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     When you add a link, make sure the text of the link conveys what the link’s about (this is for accessibility). For example, “see more information about hours” instead of “click here”

    A few strategies for writing

    As you are writing, it’s helpful to imagine your audience is scanning over your page on a phone, waiting in line. What is the quickest way for you to convey information to them?

    If you’re having difficulty finding the words to write in a friendly tone, imagine that you are verbally telling someone the information. Use the same words you use when you’re talking to a user in person: We don’t need to be overly formal when we write.

    Examples

    Less Like More like

    The customer should login to their Illiad account to request a document delivery.

    Sign in now to request an article.

    Library staff will respond to user complaints by enforcing the code of conduct.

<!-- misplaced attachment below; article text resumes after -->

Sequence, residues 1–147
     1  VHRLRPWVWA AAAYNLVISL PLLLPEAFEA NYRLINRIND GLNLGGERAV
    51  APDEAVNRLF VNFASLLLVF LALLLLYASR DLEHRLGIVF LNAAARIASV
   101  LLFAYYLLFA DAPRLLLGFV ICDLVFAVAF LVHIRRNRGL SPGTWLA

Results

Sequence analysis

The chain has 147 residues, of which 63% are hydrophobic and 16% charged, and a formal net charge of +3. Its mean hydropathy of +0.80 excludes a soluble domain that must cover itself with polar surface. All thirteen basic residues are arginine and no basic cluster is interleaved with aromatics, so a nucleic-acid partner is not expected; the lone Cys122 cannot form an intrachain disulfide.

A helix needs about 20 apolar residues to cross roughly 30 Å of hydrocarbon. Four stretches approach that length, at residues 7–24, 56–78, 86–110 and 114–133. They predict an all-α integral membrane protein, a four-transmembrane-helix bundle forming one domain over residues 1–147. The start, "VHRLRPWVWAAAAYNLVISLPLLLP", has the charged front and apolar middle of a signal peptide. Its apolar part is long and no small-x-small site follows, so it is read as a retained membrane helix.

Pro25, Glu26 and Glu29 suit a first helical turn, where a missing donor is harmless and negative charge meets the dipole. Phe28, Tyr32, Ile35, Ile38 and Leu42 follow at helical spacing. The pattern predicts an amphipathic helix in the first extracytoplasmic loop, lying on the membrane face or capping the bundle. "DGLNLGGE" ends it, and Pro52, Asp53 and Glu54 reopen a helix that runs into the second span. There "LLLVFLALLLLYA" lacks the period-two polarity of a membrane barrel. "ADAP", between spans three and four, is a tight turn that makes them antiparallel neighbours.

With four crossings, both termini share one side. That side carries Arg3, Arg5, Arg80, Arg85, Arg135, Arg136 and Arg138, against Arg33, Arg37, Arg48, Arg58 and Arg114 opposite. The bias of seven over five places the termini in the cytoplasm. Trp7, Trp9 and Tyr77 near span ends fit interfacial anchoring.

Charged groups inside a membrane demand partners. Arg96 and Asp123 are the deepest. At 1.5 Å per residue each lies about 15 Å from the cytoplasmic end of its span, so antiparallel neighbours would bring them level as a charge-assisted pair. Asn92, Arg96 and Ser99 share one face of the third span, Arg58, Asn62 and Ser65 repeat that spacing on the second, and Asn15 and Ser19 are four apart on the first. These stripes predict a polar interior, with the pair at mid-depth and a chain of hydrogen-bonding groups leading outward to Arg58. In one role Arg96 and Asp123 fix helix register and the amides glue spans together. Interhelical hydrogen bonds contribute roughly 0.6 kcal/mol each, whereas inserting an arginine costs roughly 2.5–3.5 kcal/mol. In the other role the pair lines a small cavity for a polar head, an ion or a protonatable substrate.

We want you to feel safe in the library. Please notify desk staff if you have any concerns.

    The University of Arizona Fine Arts Library (formerly the UA Music Library) houses the UA Libraries’ music holdings and, along with the Main Library, a small portion of the Libraries’ architecture holdings, most of which are kept in the Science Library.

    The Fine Arts Library includes all of our music collection as well as a small selection of architecture materia

    (borrowed from University of Arizona Libraries)

    For more examples, see MIT’s guidelines for writing for the web.

    http://libguides.mit.edu/c.php?g=176143&p=1160013

  • Page 3 of 7 Date updated: 23 April 2015

    For Creating Content in LibGuides 2

    Libguides are webpages. Users react to them that way, so all the suggestions for how to write for the web above apply. Here are some specifics for writing Libguides, borne out by five years of usability testing in lots of libraries.

    Be brief.

     Do not write long explanations of resources or, especially in lists, elaborate directions.

     If you need a really detailed description (and you may), a separate box or even a separate guide may be a better way to handle that.

    Be focused.

     Libguides are essentially an unlimited resource, so use as many pages and guides as you need